In Babil, an IED was detonated on an IA patrol in Yusufiyah, killing one soldier in the HMMWV. These attacks are not significant at first glance, but add up day after day to an unsustainable casualty ratio and an inability to foster the freedom of movement necessary for putting insurgents on the defensive. Babil Provincial Council [BabPC] chairman Raad al-Jibouri survived mortar fire on his convoy while riding through Jurf al-Sakhar for unknown reasons. New video from AAH shows their participation in clearing operations in Jurf al-Sakhar, which have rather clearly been unsuccessful. In an item I missed on Friday, reports seemed to edge closer to confirmation the 70 dead prisoners from last week’s IS hit on a convoy near Hilla were executed by their transporters.

Baghdad remains quiet for the moment, thought it continues to witness low-level sectarian activities, such as today’s assassination of a man in Shurta Rabaa and an executed body found in Bayaa–both in the city’s southwest. An MoD official was assassinated on Canal Street, possibly the work of Madhi Army elements that control the Sadr City area.

Fighting continues in Mansouriyah and Jalula in Diyala province, while IA Aviation airstrikes on Anjanah village and Amerli to the east and west of Highway 3 indicates insurgent control there. IS reportedly opened fire on a village in the Qarah Tapa area in the far north of Diyala after residents took down the group’s black flag.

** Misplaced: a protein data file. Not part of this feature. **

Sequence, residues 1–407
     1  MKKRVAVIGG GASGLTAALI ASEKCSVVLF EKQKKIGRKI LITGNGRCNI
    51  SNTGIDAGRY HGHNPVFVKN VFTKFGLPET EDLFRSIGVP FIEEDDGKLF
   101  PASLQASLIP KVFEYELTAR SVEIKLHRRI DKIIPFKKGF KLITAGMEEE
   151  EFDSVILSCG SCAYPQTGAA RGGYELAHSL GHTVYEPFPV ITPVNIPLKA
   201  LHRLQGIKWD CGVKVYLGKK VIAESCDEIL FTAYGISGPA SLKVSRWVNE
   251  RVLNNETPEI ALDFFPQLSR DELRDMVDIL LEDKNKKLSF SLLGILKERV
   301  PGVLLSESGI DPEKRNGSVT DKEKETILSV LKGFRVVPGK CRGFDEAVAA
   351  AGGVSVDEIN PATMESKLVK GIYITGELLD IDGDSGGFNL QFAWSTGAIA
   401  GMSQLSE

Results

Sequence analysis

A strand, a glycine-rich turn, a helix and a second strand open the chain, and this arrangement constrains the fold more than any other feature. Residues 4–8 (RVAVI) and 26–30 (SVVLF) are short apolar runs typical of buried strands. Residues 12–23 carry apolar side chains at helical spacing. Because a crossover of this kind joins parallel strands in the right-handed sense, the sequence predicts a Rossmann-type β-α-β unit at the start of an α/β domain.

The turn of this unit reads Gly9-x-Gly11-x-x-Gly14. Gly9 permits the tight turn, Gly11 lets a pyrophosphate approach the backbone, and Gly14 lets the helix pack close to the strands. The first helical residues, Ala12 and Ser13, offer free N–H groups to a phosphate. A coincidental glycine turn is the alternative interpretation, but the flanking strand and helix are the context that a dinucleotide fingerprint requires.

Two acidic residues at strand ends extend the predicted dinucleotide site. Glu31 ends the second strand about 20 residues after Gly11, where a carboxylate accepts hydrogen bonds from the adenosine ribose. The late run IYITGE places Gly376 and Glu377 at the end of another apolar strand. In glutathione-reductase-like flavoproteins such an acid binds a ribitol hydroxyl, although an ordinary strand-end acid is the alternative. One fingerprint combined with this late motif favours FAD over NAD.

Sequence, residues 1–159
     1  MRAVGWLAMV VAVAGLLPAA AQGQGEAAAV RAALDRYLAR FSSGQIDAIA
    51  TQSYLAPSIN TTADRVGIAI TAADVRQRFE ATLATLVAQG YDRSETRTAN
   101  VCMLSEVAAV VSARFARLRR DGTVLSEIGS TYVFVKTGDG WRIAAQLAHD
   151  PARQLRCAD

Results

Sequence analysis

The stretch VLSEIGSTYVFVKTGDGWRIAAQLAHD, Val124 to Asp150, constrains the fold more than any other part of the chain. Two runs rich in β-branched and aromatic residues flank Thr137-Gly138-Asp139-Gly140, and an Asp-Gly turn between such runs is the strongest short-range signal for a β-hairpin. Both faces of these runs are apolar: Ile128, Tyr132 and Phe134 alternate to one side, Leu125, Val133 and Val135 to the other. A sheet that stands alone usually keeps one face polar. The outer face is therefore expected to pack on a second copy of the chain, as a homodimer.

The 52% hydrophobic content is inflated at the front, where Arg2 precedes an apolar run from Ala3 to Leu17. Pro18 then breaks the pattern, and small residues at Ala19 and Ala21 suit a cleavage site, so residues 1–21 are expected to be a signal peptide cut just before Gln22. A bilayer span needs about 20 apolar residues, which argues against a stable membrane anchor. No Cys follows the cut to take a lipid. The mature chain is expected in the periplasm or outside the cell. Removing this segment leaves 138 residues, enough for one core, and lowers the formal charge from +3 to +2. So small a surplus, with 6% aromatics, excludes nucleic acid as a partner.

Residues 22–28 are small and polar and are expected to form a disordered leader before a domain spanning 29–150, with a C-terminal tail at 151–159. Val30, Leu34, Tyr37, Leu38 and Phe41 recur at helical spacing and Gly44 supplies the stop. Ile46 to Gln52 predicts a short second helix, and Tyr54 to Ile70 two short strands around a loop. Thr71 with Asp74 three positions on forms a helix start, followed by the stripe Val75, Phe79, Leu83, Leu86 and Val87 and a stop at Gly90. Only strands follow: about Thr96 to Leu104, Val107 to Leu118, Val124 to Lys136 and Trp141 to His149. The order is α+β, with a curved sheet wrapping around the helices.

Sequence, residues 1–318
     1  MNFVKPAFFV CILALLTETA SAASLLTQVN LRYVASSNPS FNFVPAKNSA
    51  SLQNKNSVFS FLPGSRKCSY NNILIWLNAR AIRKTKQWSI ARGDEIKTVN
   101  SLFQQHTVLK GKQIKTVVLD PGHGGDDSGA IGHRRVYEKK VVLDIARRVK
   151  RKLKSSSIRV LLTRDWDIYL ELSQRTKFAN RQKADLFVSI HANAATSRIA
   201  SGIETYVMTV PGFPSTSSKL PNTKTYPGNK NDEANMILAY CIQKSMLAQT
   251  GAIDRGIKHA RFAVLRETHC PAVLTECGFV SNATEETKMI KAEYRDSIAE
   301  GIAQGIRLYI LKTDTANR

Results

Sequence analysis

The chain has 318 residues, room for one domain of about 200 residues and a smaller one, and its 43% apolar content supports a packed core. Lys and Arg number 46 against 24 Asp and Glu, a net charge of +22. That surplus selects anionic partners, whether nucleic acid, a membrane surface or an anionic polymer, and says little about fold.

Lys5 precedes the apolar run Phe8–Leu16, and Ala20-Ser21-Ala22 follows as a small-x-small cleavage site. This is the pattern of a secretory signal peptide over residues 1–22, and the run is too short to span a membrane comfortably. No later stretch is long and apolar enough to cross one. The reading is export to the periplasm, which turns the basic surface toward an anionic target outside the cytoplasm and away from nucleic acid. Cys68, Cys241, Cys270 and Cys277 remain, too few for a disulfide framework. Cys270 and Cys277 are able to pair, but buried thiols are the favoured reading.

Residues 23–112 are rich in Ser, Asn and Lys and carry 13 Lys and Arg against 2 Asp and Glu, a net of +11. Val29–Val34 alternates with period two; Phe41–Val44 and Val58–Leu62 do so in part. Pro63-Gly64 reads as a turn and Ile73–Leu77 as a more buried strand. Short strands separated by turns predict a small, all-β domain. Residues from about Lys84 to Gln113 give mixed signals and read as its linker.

Five Su-25s arrived in Iraq over the weekend, and IQAF commander GEN Anwar Hama Ameen intends to get the aircraft into the fight immediately. The delivery of all 12 should be completed by tonight, with Russian technical advisers to stay on for set-up, ostensibly on a temporary basis. Somehow I doubt that will be the case. Even with a now-expedited timeline for AH-64 Apache attack bird delivery, this case perfectly illustrates how much more flexible the U.S. must become to assist Iraq on a meaningful time scale. The delivery of 75 AGM-114K/R Hellifre missiles over the weekend to replenish Iraq’s empty stores simply will not cut it.

Elsewhere, Diwaniyah sent another battalion-sized contingent of “volunteers” to Baghdad, bringing the province (also called Qadisiyah) to over 4,000 volunteers volunteered. Anonymous sources from the Turkish government said that Ankara will support a unity government in Iraq, but will not back a Kurdish independence bid. Various Iraqi parties have been leaking information about the nomination of possible prime ministers, but I do not consider any of these reports as nonpartisan as of yet. The Sadrists have officially called for a non-Maliki PM, while the INA met, but did not settle the matter. Several Sunni blocs, including Nujaifi’s Mutahidun, Mutlaq’s Arabiyya, and provincially based lists in Anbar and Diyala.

———– writing on iraq RAND’s Dalia Dassa Kaye attempts to make the case that Islamic State gains in Iraq may actually weaken Iranian influence in Iraq. I don’t agree generally, though the point should be made that Iranian proxies in Iraq have failed miserably in their attempts to act as force multipliers for the Iraqi Army.